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Ohio Valley update

Well, the power went out for me and (apparently) 1.9 million other people on Sunday afternoon as Ike made its way towards Chicago.  I spent the afternoon reading and then writing on the balcony, while other people on their balconies audibly asked each other what was going on.  (Winds were high, but we live in a sheltered little alcove.  All we could see were trees tossing.)  It was puzzling because it wasn't raining.  Normally when the power goes out, there's rain or ice to go with it. 

I tried to write something constructive, but all I could do was write about the election and about my cat.  Part of me has already retreated and frozen up, preparing for his death.  I know this is wrong and that I should spend extra time with him, committing him to memory, but I've been holding part of myself back.  I've never faced lingering illness in someone or something I loved before, only abrupt, catastrophic death. 

The power came back on at 7:30 in the morning.  I'm in the lucky minority.  My sister has been without power for about 30 hours, and my parents won't get power for another few days. 



Sep. 16th, 2008 03:13 am (UTC)
The loss of a loved soul, whether it's human or otherwise, is a very powerful thing. I've had a buddhist/pagan upbringing and death is very much a part of life for us.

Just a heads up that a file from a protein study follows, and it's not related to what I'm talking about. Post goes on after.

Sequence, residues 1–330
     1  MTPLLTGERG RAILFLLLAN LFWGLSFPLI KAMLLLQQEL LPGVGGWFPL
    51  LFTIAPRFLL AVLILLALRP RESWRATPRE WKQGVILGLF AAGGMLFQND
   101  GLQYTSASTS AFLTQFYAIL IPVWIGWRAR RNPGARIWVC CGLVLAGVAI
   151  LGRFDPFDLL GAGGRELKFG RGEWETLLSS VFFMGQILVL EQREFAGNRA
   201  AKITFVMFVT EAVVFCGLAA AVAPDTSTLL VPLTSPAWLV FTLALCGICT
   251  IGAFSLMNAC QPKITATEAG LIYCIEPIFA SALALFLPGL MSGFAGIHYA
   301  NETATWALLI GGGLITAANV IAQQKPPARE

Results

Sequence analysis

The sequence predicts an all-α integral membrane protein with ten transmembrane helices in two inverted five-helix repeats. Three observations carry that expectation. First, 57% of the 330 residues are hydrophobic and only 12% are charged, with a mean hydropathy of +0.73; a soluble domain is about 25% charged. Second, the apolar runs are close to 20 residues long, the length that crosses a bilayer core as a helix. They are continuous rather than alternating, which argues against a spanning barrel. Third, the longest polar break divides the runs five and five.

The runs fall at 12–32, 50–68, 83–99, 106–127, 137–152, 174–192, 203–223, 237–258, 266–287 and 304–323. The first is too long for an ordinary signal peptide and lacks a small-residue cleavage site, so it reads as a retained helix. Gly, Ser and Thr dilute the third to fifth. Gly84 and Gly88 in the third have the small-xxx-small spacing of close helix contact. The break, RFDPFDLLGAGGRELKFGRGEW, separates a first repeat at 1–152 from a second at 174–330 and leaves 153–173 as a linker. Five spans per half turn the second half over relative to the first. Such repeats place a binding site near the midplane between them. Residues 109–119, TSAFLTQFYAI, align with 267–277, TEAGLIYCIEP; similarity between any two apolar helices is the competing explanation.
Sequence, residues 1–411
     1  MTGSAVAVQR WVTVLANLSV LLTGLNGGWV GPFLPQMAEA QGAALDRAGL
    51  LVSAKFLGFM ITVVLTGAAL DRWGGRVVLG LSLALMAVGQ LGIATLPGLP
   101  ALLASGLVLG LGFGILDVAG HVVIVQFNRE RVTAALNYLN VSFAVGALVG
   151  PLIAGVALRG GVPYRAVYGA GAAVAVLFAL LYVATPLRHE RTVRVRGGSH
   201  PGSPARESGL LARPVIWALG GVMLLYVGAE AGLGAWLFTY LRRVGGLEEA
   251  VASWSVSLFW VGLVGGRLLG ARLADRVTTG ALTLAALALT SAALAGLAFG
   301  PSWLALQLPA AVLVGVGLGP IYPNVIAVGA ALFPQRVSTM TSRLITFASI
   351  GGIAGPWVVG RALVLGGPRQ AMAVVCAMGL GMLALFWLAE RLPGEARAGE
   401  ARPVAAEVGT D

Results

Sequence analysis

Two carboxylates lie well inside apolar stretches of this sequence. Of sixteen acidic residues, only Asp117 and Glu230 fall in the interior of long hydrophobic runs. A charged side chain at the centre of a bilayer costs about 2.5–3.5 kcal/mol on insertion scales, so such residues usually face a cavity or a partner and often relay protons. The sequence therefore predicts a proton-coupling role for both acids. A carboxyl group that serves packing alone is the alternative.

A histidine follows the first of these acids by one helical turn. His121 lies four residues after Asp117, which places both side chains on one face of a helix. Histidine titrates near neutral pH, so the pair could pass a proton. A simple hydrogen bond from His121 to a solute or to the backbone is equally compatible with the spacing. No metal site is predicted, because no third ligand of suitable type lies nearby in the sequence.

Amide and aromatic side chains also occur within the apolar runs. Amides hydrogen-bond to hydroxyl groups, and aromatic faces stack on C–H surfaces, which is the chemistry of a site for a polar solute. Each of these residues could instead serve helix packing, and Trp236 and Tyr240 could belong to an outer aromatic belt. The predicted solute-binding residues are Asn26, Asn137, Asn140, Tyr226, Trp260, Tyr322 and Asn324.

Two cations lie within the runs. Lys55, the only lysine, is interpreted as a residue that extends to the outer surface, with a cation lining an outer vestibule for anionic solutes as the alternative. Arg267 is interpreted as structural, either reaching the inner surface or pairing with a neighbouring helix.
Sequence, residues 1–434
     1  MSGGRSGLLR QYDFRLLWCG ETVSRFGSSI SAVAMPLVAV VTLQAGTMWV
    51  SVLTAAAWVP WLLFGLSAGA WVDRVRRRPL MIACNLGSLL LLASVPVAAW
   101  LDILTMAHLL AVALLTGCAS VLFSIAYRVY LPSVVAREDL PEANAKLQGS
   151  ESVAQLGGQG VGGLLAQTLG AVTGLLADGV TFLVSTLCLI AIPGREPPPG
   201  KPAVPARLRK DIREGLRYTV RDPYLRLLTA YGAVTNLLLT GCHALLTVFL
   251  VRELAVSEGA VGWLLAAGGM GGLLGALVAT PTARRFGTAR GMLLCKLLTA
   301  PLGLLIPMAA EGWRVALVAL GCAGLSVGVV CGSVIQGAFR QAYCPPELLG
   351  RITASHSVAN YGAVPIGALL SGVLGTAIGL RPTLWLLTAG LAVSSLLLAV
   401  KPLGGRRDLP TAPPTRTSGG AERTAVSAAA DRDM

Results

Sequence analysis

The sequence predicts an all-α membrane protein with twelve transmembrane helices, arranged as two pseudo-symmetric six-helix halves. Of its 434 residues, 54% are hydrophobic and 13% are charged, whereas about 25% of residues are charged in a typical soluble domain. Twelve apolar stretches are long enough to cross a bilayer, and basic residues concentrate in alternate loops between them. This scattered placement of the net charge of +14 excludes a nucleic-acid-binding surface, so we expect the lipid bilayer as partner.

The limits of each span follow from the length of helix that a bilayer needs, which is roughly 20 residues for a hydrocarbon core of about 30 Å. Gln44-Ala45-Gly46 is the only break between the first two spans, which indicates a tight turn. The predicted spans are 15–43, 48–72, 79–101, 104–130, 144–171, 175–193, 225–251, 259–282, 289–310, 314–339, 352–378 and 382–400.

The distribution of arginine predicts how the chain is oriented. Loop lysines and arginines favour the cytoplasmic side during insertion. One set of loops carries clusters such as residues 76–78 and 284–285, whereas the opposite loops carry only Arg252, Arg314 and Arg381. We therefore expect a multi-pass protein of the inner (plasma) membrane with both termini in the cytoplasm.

I don't know if that concepts comforts people from other traditions, but for me, knowing that one day I too will die helps me tremendously when facing the death of another. The dharma teaches that it isn't actually death that causes suffering, it is attachment. If we can love freely, openly and wholeheartedly without grasping or clinging to that feeling, then (while we might miss it when it leaves us) it is not the traumatic tearing away of something. Our loved ones don't leave us hollow or broken and that allows us to spend their last days with them in the spirit of honest joy and appreciation.

It's an incredibly difficult thing to do, I grant you, but I've seen it done - and the whole atmosphere changes and shifts to a gentle acceptance and genuine happiness for every hour, minute and second spent with whoever is dying.

Each to their own, but this website by Ajahn Jagaro might be helpful reading, you never know.

I remember feeling utterly empty when my English Setter Penny died when I was 23. She'd been a part of my life since I was 8, moved out of home with me, kept me company through some very difficult times and all in the spirit of innocent and unconditional love. I think that often it's our animal companions themselves that show us how to handle death and dying - as an inevitable consequence of living, rather than something to be feared ... honestly sad, yes, but not unjust.

In the meantime, my thoughts are with you.
Sep. 17th, 2008 01:40 am (UTC)
Thank you for the link. I am reading it with interest. Thank you for sharing it.

When my cat was very ill before, in 2000, I felt as if I had never given him enough attention, appreciated him enough. I learned from that. Now, eight years later, I know I appreciated him and loved him every day. I'm very upset, yes, and think it's too soon to lose him, and that I'm not ready, but I don't regret anything. I'm glad I have that component of serenity, at least.

Thank you very much for writing: I'm interested in the ideas you've introduced, and appreciate as well your kindness and sympathy. It means a lot to me.